Sustainability Efforts at the Garden: Part One

Green Bay Botanical Garden is a place for people to engage with nature and each other, to be inspired by the amazing sights and scents, and to be refreshed throughout the year. In cultivating a space for people to grow, we must take care to keep our garden, and our planet, thriving for a long time to come. The Garden is committed to reducing our energy and resource use and promoting sustainability.

Our values include innovation and community, which means that we use technology and techniques to be responsible stewards of the land for those around us. Today we’re going to take a look at many of the steps that the Garden has taken to be environmentally sustainable.

One of the biggest steps forward the Garden has taken was the formation of a sustainability task force in 2019 to identify ways we could make positive changes across our organization.

Plastic use was identified as one of the largest areas that could be improved, and this led to the creation of a three-year outline to make changes throughout the Garden including detailed measures to reduce plastic waste at events. We have worked to provide alternate options to wasteful plastic straws, stirrers and Styrofoam cups whenever we host events with food and beverages.

PC: John Oates Photography

Plastic use at the Garden has already been lowered, and the capstone of this effort will be in our aim to incorporate aluminum water bottles instead of plastic bottles in the coming year. The Garden has also transitioned the task force into a committee to create a long-term effort focuses on aligning goals with the American Public Garden Association’s framework.

Susan Garot, Executive Director, is especially proud of the Garden’s waste reduction so far, and she believes these changes are just one part of the way forward.

“Our goal is to join the American Public Gardens Association Climate and Sustainability Initiative. By adopting their best practices, I believe we can have a significant impact not only on our small 47-acre footprint, but also through education, our entire Brown County and Northeast Wisconsin community.”

Susan Garot, Executive Director

The energy, water and fuel costs needed to run a facility can leave a massive ecological footprint. Several of our buildings are designed from the ground up to be smarter and more efficient. The Schneider Education Center is a great example of this, as it features many small technical enhancements that reduce waste and energy use. Visitors can easily see the inward sloping rooftop and large windows which reduce power use by electric lighting and heating systems. The Education Center, along with the Emil and Gail Fischer Visitor Center have incorporated efficiencies to reduce water and power usage, such as installing dual-flush toilets that use less water on each flush.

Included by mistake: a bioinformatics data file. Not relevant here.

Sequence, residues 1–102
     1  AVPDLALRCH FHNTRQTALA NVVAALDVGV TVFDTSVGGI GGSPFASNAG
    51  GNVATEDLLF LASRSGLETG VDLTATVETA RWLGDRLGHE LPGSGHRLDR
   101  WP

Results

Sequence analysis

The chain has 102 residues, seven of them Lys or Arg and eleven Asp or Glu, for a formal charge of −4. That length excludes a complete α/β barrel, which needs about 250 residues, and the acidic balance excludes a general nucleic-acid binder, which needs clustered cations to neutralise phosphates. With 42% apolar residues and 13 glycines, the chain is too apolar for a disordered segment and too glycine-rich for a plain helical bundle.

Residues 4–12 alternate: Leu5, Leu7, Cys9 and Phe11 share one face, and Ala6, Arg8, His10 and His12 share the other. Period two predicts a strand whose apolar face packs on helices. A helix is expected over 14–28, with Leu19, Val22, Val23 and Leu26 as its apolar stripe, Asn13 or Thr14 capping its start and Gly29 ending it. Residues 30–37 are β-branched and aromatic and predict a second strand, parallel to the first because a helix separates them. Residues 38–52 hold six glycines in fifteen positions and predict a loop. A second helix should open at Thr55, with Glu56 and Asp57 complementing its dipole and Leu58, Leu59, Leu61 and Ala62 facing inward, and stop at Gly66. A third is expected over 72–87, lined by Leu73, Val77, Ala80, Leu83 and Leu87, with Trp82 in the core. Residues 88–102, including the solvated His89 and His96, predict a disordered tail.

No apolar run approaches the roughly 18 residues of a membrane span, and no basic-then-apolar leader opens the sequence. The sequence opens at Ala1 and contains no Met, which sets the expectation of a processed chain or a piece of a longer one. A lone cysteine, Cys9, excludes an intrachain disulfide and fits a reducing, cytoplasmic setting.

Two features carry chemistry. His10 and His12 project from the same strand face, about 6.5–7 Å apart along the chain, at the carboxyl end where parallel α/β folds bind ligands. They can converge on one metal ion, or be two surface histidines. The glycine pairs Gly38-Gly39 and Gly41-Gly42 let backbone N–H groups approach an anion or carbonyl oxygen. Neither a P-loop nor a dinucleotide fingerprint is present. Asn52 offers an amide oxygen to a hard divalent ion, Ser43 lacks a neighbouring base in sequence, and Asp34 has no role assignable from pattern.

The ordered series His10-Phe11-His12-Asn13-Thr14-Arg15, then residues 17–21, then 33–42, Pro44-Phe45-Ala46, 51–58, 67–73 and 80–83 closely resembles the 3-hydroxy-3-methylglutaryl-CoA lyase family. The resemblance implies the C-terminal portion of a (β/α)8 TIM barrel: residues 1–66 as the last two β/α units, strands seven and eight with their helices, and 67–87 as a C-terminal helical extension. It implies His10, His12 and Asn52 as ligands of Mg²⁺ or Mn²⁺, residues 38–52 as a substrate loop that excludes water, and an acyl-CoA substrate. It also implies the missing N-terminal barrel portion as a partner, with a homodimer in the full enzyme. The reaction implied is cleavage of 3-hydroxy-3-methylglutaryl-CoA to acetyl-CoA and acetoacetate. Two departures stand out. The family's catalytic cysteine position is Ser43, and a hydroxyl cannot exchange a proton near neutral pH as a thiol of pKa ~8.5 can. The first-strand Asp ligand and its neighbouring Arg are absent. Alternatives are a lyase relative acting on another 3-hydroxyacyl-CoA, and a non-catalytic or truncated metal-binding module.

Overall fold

Stumpf Hobbit House Restroom

Further out in the garden, the Stumpf Hobbit House was designed from scratch to be efficient in part because of where it is. This includes the use of the roof as a greenspace, water efficient restrooms, and use of the natural landscape to keep the building warm in the winter and cold in the summer. This has been directly inspired by practices long used for insulation of homes blended with high tech advancements to save energy and help reduce the Garden’s footprint. At our wildly popular WPS Garden of Lights event, we have worked to incorporate more and more LED lights into our displays each year that use less power, and we have nearly eliminated the use of inefficient fluorescent holiday lights.

On the gardening side of things, our Horticulture Team manages the land in ways that incorporate some of the best available practices for being environmentally friendly.

While it takes a lot of work, most of the watering and weeding in the Garden is done by staff and volunteers, rather than relying on energy dependent systems and chemical intensive treatments (they truly deserve a round of applause for all of that work!)

With help from volunteers, our Horticulture Team can tackle a lot of weeds by hand. Pictured: Mark Konlock (Director of Horticulture).
PC: Alex Verstoppen

To save both work and waste, we reuse materials such as pots, trays and stakes whenever possible and are working to plant more grasses that don’t need to be cut throughout the season. In the Lux Foundation Upper Rose Garden (and planned for our herb garden), we often incorporate the use of Purple Cow organic compost to feed our plants instead of synthesized chemical fertilizers.

We also treat for pests using organic botanical sprays and natural pest control methods when possible to lower our reliance on damaging insecticides. Many sections of the Garden have beautiful native plant displays that are less resource dependent, such as the Schneider Family Grand Garden or the even the Johnson Woodland Garden which hosts a variety of beautiful Wisconsin trees that are both native and ornamental.

Invasive species like the Japanese beetle can cause problems for our roses every year, but our Horticulture Team takes care to remove them by hand (knocking them off into buckets of soapy water) instead of using harmful pesticides.

In demonstrating conscious ways to grow plants and show off how beautiful sustainable gardening practices can be, we encourage others to want to do the same.

Stay tuned next week for the types of sustainable actions we take that you can try at home!

Don’t forget to save the dates for this year’s summer exhibit at the Garden… Washed Ashore: Art to Save the Sea! Learn about the connections between plastic waste, the wellbeing of marine life (and us!) and learn everyday actions that we can all take to make a difference for the Great Lakes and beyond. The exhibit kicks off on Saturday, May 8!

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